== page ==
The Good, The Bad, and The Ugly of the Senate’s Budget | Triangulator | Indy Week
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The Good, The Bad, and The Ugly of the Senate’s Budget 

The Senate passed its $22.2 billion budget shortly after midnight Friday, on a 26–13 party-line vote. There are some good things in it—but also some truly terrible ideas. Below, we've highlighted some key provisions to watch as the General Assembly begins the process of reconciling the Senate's budget with the one the House passed last month—good, bad, and ugly alike.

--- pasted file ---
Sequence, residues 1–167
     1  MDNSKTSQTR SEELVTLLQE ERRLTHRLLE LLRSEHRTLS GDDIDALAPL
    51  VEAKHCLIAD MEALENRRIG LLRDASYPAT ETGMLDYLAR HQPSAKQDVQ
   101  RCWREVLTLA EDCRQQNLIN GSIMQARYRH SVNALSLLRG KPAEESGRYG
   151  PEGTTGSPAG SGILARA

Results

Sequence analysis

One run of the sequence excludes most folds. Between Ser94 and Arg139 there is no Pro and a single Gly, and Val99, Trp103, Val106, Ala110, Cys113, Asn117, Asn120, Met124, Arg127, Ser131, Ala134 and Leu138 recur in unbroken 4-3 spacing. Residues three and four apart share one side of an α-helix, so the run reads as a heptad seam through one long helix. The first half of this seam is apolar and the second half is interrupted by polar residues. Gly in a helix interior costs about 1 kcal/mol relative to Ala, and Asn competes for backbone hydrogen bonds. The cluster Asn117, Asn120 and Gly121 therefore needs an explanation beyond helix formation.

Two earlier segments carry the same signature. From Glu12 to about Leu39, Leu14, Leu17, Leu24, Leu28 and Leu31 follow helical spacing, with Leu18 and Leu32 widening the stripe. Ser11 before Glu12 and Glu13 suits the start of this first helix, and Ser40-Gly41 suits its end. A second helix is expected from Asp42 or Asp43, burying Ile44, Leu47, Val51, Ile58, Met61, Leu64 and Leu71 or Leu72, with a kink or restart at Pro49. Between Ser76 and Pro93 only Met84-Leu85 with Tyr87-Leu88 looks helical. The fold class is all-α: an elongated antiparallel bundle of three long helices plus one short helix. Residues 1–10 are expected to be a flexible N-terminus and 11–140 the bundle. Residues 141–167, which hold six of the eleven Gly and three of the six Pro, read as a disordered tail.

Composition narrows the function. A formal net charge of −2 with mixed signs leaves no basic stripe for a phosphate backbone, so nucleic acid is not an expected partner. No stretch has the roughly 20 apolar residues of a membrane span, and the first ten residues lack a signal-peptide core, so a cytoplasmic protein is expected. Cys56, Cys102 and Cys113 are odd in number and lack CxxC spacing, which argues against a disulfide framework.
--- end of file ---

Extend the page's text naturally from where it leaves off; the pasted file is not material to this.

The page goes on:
THE GOOD

Teacher pay: Both budgets raise teacher pay (it is an election year, you know), albeit in different ways. The House gives teachers raises of up to 5 percent, while the Senate gives teachers annual raises during their first fifteen years in an effort to raise average teacher pay to about $54,000 per year, just below the national average. North Carolina currently ranks forty-first in the country in teacher pay. At the very least, there's finally some recognition that that's not OK.

Light rail funding cap: Both budgets also eliminate the $500,000 cap on state funding for the light-rail project between Durham and Chapel Hill, a provision secretly tucked into last year's budget. But there's a hitch. The Senate version limits the state's contribution to any commuter or light rail project at 10 percent of the total project cost. The problem: current plans call for the state to fund one quarter of the light rail line, so the Senate's budget once again imperils the project.